The International Youth Day logo. Photo by: UN

The global economic crisis’ toll on today’s generation of youth — the largest the world has known — has been hard-hitting, U.N. Secretary-General Ban Ki-moon said ahead of International Youth Day. He called for intervention to avoid creating a “‘lost generation’ of squandered talent and dreams.”

International Youth Day has been marked through worldwide grass-roots events, which people can track and submit on an interactive online map. This year’s celebration, themed “Building a Better World: Partnering with Youth,” falls at a particularly trying time.

The 2012 U.N. World Youth Report, released in February, found that the global youth unemployment rate saw its largest annual increase in 2009 — at its peak, 75.8 million young people were unemployed. In 2010, the global youth unemployment rate was 12.6 percent, topping the global adult unemployment rate of 4.8 percent.

“I call on Governments, the private sector, civil society and academia to open doors for young people and strengthen partnerships with youth-led organizations,” Ban said in his remarks.

The needs — and “transformative force”— of the youth have been recognized by some foundations, like the U.N. Foundation, which invests in projects for adolescent girls worldwide through its Girl Up campaign.

U.S. Agency for International Development Administrator Rajiv Shah also acknowledged the youth’s power to effect change. In his speech given ahead of the event, Shah stressed the importance of forming partnerships with the youth “to solve some of the greatest challenges in global development.”

“When we start empowering youth, we simply can’t predict what they can achieve or what we can accomplish together,” said Shah, who also urged the youth to share what partnership means to them by tweeting @USAID and @rajshah using #usaidyouth or by leaving a comment on USAID’s Facebook page.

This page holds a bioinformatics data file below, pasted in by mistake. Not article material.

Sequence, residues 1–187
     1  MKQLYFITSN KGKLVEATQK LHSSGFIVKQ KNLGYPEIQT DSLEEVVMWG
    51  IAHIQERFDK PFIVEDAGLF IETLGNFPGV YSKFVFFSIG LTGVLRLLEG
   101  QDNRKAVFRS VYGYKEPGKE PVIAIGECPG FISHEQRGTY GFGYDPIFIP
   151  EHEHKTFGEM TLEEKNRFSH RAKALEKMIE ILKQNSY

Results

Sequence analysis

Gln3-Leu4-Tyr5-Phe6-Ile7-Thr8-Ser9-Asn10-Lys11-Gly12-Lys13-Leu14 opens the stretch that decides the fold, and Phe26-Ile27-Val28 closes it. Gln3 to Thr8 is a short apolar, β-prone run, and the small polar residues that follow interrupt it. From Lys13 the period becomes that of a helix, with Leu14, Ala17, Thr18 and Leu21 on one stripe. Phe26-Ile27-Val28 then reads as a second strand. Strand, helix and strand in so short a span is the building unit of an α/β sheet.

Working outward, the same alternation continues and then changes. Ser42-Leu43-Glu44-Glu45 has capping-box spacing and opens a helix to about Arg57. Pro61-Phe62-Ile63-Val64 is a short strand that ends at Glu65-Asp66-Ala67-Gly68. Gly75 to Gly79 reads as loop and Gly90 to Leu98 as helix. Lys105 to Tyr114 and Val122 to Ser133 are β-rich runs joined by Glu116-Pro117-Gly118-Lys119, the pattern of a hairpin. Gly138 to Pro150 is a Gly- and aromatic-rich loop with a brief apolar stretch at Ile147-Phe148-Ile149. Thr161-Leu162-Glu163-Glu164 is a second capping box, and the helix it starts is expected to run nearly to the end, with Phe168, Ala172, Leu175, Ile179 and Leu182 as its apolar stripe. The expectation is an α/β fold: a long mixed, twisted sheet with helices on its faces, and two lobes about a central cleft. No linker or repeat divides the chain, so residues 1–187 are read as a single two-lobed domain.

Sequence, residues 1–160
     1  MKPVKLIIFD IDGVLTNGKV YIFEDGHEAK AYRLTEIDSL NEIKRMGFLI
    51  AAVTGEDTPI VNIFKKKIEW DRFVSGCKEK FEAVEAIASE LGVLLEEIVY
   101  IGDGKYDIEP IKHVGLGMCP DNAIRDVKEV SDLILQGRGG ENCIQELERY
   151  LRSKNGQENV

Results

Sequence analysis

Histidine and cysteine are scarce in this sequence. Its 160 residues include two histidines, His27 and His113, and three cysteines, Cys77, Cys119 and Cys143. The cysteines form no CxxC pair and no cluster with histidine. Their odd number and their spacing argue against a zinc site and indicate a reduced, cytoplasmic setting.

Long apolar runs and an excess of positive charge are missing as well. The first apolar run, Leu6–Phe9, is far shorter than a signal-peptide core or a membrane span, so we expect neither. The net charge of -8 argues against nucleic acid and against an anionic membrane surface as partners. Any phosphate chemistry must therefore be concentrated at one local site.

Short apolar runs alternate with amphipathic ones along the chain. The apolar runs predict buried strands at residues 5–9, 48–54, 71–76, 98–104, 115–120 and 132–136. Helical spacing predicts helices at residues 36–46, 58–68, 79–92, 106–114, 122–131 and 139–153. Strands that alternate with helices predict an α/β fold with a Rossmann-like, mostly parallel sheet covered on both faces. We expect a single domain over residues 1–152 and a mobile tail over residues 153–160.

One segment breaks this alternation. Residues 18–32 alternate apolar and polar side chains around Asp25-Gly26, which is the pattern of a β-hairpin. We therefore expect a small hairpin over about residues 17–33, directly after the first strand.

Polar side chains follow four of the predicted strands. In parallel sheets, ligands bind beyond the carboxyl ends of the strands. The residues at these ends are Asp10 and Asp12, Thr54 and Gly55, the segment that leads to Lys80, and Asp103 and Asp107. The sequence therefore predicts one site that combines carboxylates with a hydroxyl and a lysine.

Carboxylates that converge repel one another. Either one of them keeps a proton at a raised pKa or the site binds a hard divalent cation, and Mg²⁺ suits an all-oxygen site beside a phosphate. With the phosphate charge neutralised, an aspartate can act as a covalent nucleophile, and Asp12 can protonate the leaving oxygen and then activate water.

But progress on the youth-oriented education and health Millennium Development Goals, a set of seven development targets countries have pledged to reach by 2015, remains mixed and, in certain regions, continues to lag, according to the 2012 Millennium Development Goals Report.

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About the author

  • Amy Lieberman

    Amy Lieberman is an award-winning journalist based in New York City. Her coverage on politics, social justice issues, development and climate change has appeared in a variety of international news outlets, including The Guardian, Slate and The Atlantic. She has reported from the U.N. Headquarters, in addition to nine countries outside of the U.S. Amy received her master of arts degree from the Columbia University Graduate School of Journalism in May 2014. Last year she completed a yearlong fellowship on the oil industry and climate change and co-published her findings with a team in the Los Angeles Times.